The intersection of faith and love will never not be complicated. There are no straightforward answers, and queerness only ever seems to make things even more confusing.
In the end, there’s only acceptance. Holiness is inherent in an act as intimate as coming out – acceptance blends with the raw self-exposure of making such an integral part of you knowable to others, whether it’s your friends, a partner, or family
The words transform into a hymn, especially when they’re sung by Sarah Beth Tomberlin. The Los Angeles-via-Louisville singer-songwriter interrogates her own love on Projections, her new EP for Saddle Creek.
And I never felt ashamed in your embrace /
Holding on for hours
The damage left by her Baptist upbringing is being gradually healed by a loving embrace. Tomberlin writes from the wholly unique perspective of someone who was raised to believe that homosexuality was a sin, only to eventually realize her own queerness. She interconnects those burgeoning feelings in a way that speaks directly to the experiences of any person who has gone through the same thing. As one of those people myself, a great deal of the lyricism on Projections feels almost too familiar.
“Hindsight is 20/20, and Tomberlin is looking back at the fumbling fantasies of youth through the lens of the present.”
Tomberlin narrates the quiet moments that attain paramount importance in the life of a young queer person, from finally finding the words to express what has been simmering in your heart, to the divinity of sharing songs with someone you love (even if you’ll never tell them how you feel.) Lead single “Wasted” depicts a “sacred crush” where the words are uncertain and the emotions are overwhelming. A new language has to be discovered to express what was previously buried underneath layers of doctrine and fear.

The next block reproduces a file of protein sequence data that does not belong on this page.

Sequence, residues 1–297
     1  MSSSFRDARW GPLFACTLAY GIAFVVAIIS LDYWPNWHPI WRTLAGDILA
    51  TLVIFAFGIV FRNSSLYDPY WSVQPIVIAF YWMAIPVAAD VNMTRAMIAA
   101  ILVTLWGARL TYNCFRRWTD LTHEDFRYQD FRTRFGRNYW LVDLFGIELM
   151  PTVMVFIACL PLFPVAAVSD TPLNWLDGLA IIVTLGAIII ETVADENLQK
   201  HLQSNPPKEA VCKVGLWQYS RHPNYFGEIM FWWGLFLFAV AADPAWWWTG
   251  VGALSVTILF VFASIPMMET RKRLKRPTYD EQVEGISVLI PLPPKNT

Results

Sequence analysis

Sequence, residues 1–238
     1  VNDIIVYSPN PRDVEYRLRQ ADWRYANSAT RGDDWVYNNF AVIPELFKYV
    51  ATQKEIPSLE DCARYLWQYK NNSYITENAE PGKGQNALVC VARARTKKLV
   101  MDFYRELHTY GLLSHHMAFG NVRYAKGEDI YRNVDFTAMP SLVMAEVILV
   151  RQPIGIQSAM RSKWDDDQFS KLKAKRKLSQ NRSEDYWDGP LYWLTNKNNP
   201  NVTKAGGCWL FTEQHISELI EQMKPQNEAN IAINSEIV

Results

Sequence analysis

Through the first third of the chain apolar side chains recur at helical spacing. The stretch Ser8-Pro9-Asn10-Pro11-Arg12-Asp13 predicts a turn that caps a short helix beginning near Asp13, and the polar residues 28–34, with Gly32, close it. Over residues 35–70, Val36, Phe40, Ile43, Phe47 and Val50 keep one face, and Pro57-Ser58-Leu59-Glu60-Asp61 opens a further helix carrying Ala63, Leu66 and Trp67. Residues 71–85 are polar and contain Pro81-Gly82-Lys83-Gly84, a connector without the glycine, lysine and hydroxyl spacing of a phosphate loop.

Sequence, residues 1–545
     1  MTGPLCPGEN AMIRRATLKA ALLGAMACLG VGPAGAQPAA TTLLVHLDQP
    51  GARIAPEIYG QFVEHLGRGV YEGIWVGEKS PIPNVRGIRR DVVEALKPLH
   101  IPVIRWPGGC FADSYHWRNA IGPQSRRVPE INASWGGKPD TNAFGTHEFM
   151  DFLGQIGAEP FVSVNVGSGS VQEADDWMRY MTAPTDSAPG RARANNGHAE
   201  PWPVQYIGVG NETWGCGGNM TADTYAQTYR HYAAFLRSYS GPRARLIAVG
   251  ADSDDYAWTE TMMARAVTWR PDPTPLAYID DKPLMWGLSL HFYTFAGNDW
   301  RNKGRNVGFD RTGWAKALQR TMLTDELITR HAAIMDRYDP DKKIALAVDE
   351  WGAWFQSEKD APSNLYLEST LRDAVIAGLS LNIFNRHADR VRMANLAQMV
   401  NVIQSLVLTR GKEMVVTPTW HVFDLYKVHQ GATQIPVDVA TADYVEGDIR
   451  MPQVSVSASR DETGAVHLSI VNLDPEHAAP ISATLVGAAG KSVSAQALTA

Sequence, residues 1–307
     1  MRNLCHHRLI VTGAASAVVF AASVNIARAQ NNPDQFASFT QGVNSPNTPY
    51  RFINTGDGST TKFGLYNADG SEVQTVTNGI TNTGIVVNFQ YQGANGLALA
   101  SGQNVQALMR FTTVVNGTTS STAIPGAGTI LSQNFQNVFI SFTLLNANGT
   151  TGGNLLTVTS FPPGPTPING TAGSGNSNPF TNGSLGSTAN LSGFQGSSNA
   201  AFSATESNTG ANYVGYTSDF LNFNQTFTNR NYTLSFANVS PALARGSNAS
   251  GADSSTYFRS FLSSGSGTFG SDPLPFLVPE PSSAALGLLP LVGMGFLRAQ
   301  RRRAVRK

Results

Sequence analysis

Say a prayer /
Lay your hands on me
“Sin” is the fulcrum of Projections, a lightly jaunty song. Hindsight is 20/20, and Tomberlin is looking back at the fumbling fantasies of youth through the lens of the present. Past, present, and future swirl together to become a verdant oasis of memory and reality. Captivating melodrama engulfs a youthful heart escaping the prison of a strict childhood for the first time: “But when you go you take the sun and all my flowers die / So I wait by the window and write some shit and hope that you reply.” Her mind is running a mile a minute, buoyed by gentle strums and the warm production of Alex G and his bandmate Sam Acchione.
I tried to show you /
That I was stronger
For an artist steeped in melancholy, Tomberlin has proven that there’s something more interesting within the space between joy and sadness. They coexist naturally in everything, transient sorrow going hand-in-hand with radiant gladness. Her investigations of love welcome the full spectrum of emotion and embrace personal experience, rather than leaning into the “sad girl indie” mantle that critics have hung around her head.
“For an artist steeped in melancholy, Tomberlin has proven that there’s something more interesting within the space between joy and sadness.”
A gleam of wonder twinkles in her eyes as she steps into the light of self-acceptance, coming to terms with her youth and her sexuality at the same time. Projections can serve, at its best, as a beacon of hope for queer kids trapped in oppressively religious homes, offering a look into a complicated, uncertain yet beautiful future.
Wes Muilenburg (they/he) is a writer and podcaster living in Minneapolis, MN. They co-founded, edit, and write for Ear Coffee, a blog focused on the Minnesota DIY scene, and contribute reviews to Post Trash. They play saxophone in NATL PARK SRVC and help operate Side City Recordings, a collective dedicated to helping Twin Cities artists record and distribute their music. Don’t follow them on Twitter @purityolympics.